Robert PearsonAssistant Dean of Professional Development and Career Planning, Emory University

Can you describe your career path and how it has led to your current work?

After graduate school, I took a faculty job in Texas, where I developed a nuanced picture of what it means to be a faculty member in a large, comprehensive university. When my position there ended (as many do), I was not sure what to do next, and so I spent a lot of time researching my career options. I took an entry-level position in a small graduate office before I advanced to a more senior position in a larger office. These experiences were foundational for me. I learned data, marketing, team-building, leadership, and communication skills that enabled me to build a new program in graduate career development for graduate students outside my own field. Most recently, I took a position as Assistant Dean of Professional Development and Career Planning in the Laney Graduate School at Emory University, where I oversee and create professional development activities for 1900 graduate students in more than 40 disciplines. It is a massive responsibility and a richly complex and wonderful job.

What services and/or resources did you use while at Brandeis for your career search?

As someone who currently works as a graduate career advisor, I am embarrassed to admit that I was a chronic under-utilizer of career resources at Brandeis. I do, however, recall a career workshop I attended on networking, run by the Center for Career and Professional Development. Moreover, I received most advice related to the job market from my dissertation advisor who continues to be someone whom I admire and think about very often, but in retrospect I wish I had cultivated a longer and more diverse list of mentors to help me during my time as a graduate student, especially with respect to my career search.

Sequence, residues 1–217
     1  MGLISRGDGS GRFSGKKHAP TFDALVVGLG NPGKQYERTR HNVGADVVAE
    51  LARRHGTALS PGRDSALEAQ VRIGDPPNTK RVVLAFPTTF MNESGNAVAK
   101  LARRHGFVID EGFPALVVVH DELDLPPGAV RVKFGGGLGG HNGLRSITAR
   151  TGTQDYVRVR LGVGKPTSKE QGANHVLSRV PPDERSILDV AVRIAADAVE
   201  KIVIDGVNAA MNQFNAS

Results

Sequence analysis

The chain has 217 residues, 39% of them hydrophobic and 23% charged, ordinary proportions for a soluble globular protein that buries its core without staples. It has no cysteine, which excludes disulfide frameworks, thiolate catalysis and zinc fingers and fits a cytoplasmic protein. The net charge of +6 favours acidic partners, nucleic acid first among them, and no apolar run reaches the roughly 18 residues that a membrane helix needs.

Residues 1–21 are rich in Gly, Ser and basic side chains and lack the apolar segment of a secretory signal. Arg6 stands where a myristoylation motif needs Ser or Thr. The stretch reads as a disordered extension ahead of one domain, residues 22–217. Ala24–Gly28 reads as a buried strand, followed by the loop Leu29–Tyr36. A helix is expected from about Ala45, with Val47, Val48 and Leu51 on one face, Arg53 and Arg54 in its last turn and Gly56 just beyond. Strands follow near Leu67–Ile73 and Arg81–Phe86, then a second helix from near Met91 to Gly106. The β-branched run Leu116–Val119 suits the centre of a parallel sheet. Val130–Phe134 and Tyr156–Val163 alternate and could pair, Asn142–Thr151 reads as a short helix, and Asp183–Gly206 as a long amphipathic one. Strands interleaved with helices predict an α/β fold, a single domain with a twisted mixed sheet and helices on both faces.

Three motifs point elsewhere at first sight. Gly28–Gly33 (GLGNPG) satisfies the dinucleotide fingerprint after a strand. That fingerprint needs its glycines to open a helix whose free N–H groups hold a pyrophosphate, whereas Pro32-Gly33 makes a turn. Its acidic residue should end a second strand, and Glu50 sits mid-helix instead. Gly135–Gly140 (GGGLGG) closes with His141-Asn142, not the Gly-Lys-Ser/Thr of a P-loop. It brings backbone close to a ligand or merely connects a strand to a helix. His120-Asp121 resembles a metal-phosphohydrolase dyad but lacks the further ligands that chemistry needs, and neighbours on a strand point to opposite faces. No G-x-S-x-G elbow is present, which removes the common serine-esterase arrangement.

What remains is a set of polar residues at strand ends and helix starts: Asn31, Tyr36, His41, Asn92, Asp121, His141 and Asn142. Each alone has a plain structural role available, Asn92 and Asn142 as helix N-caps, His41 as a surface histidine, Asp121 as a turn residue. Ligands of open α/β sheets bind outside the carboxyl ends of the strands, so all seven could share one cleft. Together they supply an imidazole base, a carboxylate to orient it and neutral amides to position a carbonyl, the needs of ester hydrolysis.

What skills from your Brandeis degree have you found most valuable in your current work?

I still rely upon the graduate training I received at Brandeis every single day, but not in the ways I thought I would. The most valuable skill to me today is my ability to write clearly and persuasively, which I acquired while writing and editing my doctoral dissertation. My ability to envision long-term and large-scale projects and follow them through to completion are also very important to me. Finally, I will also emphasize that foundational readings and subsequent discussions around critical theory texts have helped me to better understand and challenge structures of oppression and bias when I encounter them in my work with graduate students.

What advice do you have for current students as they embark upon their job search?

Prepare early for more than one career path. There are a wide range of career options available to individuals with graduate training. If you put in the work of learning about careers that interest you and networking in target industries, you can follow almost any path you want. Furthermore, take initiative to build new programs or resources at Brandeis around careers that interest you. Something as simple as starting a career interest group can demonstrate to potential employers that you are serious and interested in their field. Finally, take advantage of career and professional development resources that are available through the Brandeis Graduate School of Arts and Sciences.